How to Do Rubber Band Braids

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Braiding a Mane

While many English competitors appreciate the look of a beautifully braided mane, it may seem like a daunting task to learn how to do it. The good news is that you can skip the more time-consuming braiding methods and still turn out a gorgeous set of braids by becoming a whiz with rubber bands. Braiding bands can be purchased at almost any tack store; just find the ones that best match your horse’s mane color. (White bands were used in the photos so they would be easier to see.)

While rubber band braids look better on a thinned/pulled mane, they are forgiving on a thicker mane if your horse is a tough customer when it comes to this task. A very thick mane will still need to be thinned, but you can get by with a less-than-perfect job.

Although sew-in or yarn braids can usually be done the night before a show, rubber band braids are easier for the horse to loosen and pop out if he rubs his neck. It’s better to do them the morning of a competition, but if you must do them the night before, put a stretchy hood on your horse to help keep the braids intact.

Before You Begin


For best results, start with a mane that has been pulled to about 5 inches in length. For dressage, jumpers or less formal shows, you can braid your horse’s mane on either side. For hunter competitions that require braiding, manes are braided to the right side, and traditional yarn braids are expected (learn how to do these at
HorseChannel.com/Braiding).

Safely tie your horse, preferably on cross-ties, and use a stepstool to start braiding at the top of his neck just behind the bridle path. If your horse is regularly braided, he should have a short bridle path—only 1 or 2 inches—where the bridle’s crownpiece sits. If it’s too long, it will create an unsightly gap before the braids begin. See steps 1-8 below for mane braids.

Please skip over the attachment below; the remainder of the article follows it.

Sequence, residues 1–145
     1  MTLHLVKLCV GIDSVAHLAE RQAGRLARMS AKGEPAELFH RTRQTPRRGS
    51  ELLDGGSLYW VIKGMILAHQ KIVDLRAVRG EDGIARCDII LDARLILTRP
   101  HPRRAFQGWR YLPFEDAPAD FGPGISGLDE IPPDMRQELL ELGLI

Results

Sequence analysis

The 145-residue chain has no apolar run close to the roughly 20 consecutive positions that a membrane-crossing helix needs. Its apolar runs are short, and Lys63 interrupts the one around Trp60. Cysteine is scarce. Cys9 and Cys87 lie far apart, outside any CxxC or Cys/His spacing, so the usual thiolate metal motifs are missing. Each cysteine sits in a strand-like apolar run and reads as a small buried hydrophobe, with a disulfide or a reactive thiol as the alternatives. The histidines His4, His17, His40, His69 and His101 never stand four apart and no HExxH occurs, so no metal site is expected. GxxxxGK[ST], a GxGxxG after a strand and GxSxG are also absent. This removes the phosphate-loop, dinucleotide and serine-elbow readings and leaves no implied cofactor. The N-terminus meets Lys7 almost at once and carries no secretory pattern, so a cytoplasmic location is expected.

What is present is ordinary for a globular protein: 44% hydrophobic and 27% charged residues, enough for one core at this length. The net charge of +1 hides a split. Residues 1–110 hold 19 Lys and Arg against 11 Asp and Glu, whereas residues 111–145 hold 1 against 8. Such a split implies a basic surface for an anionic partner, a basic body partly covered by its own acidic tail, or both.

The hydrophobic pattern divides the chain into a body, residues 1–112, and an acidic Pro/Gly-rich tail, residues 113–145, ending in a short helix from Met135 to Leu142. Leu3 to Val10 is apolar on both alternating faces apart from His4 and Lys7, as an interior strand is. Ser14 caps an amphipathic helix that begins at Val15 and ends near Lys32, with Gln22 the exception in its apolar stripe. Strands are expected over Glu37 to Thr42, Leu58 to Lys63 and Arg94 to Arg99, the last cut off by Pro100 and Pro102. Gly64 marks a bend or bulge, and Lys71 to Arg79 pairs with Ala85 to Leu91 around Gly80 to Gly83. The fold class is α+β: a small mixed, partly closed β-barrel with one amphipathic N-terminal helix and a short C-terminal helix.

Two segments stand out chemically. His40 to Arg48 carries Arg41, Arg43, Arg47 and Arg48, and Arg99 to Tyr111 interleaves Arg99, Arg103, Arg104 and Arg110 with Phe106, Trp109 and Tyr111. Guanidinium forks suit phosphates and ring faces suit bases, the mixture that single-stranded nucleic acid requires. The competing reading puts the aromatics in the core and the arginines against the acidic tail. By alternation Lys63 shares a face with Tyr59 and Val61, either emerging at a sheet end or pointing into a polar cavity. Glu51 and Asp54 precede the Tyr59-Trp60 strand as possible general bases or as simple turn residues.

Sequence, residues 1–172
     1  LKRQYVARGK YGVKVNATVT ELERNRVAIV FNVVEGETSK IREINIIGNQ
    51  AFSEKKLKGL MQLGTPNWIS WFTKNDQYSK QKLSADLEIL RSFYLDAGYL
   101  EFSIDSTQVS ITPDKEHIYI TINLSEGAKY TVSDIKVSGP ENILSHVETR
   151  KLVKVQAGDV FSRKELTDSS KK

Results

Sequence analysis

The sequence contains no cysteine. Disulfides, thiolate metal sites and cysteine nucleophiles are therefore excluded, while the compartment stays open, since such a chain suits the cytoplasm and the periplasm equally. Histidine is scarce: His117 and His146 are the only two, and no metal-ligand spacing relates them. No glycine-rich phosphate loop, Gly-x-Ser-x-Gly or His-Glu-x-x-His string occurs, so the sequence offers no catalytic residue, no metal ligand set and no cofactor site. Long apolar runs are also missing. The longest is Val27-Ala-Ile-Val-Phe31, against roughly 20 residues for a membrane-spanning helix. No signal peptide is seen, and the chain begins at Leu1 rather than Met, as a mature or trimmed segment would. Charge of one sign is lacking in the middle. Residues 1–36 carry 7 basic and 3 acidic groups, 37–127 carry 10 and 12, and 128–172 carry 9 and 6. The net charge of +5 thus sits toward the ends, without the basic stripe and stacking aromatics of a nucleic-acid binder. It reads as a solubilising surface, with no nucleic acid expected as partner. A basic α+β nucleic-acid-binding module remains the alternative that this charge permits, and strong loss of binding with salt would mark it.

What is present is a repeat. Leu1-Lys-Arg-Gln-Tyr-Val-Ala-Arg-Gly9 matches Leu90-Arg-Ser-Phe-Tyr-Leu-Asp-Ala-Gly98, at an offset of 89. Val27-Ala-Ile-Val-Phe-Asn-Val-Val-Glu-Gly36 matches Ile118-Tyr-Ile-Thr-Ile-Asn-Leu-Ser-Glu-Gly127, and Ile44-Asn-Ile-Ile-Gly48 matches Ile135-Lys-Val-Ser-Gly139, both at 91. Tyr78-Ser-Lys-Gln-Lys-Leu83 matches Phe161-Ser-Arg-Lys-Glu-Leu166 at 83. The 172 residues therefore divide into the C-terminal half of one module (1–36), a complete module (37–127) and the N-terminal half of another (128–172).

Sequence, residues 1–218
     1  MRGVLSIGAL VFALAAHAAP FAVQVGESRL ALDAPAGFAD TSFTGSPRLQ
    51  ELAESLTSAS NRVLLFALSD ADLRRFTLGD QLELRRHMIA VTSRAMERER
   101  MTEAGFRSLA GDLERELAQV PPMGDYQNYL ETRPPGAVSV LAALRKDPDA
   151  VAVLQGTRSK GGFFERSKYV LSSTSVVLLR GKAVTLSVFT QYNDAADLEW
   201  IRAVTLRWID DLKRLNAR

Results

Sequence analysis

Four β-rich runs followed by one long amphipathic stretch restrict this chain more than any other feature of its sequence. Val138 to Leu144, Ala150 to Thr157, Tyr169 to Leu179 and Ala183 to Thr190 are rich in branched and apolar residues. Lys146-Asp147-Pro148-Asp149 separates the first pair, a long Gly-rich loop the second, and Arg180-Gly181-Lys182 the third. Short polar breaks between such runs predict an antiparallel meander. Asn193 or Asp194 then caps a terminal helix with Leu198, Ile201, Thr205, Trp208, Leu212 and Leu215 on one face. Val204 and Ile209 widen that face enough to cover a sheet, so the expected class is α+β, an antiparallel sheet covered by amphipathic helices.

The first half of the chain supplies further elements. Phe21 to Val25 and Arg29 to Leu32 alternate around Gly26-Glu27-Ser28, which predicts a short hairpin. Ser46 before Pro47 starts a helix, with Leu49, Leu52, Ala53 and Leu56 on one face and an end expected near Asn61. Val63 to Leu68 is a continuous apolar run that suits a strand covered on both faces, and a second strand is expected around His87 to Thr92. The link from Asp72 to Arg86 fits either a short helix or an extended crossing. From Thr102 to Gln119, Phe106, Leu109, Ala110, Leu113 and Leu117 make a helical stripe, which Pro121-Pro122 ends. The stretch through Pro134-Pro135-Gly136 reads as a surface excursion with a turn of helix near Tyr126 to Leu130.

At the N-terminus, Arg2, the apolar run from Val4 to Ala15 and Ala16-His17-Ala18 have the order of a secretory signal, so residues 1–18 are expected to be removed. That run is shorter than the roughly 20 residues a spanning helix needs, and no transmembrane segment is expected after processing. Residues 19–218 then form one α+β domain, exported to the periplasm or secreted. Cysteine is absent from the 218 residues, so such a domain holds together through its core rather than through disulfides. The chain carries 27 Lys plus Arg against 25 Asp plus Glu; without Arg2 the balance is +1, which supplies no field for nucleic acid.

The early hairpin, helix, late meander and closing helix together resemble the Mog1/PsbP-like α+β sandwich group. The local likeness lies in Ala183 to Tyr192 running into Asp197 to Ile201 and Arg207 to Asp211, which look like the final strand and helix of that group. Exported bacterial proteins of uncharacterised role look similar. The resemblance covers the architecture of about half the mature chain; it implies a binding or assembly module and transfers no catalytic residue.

Braiding a Mane
  • STEP 1. To measure out the width of each braid, squeeze your fingers together with your hand flat or use a small metal pulling comb. Part the mane crisply after this measured section and hold back the rest with a hair clip.

  • Braiding a Mane
  • STEP 2. Dampen the hair thoroughly with water, hairspray or braiding spray. The latter two provide better grip. Comb through the hair and begin braiding. Keep the braid tight by pulling sections straight out to the side as you go; keep the braid itself pointed downward, however.

  • Braiding a Mane
  • STEP 3. When you’ve braided nearly to the bottom, use a band to tie off the braid. There should still be a little free hair at the bottom.

  • Braiding a Mane
  • STEP 4. Continue to braid all the way down the neck, using equally measured sections for each braid. The braids will be thinner as you get to the withers, but adapt your method to keep them as uniform as possible.

  • Braiding a Mane
  • STEP 5. When you’re ready to put the braids up, fold them in half so that the tail end is tucked up tightly at the crest.

  • Braiding a Mane
  • STEP 6. Rubber-band this fold near the top so the loop points down; this second band should touch the first one for extra traction and staying power.

  • Braiding a Mane
  • STEP 7. Fold the looped braid in half one more time, tucking it under as tightly against the crest as possible. It shouldn’t stick up or out at all. Using a third band, secure this fold, which should look like a small ball or knot.

  • Braiding a Mane
  • STEP 8. As you move to the next braid, compare it to the previous one(s) to make sure it looks the same.

Braiding the Forelock

When it’s time to braid the forelock, have a friend hold your horse’s lead rope to help keep his head still; this will make the job much quicker and easier. Stand on a stepstool and take a small section of hair from the top of the forelock just in front of the bridle path, dividing it into three smaller sections. Incorporate more hair from alternating sides into each piece as you go down, making a French braid. Continue to the end of the forelock and secure it with a band.

The forelock braid should be secured just like the mane braids, folding it in half once and then again with three elastics total. If your horse has an extremely thick or long forelock, you can use a braiding pull-through to pull the free end of the braid under the French braid and leave it there, hidden from sight.

Braiding a Mane

As with any style of braids, practice makes perfect, so don’t be surprised if every set you do looks better than the last.


This article originally appeared in the June 2014 issue of Horse Illustrated magazine. Click here to subscribe!

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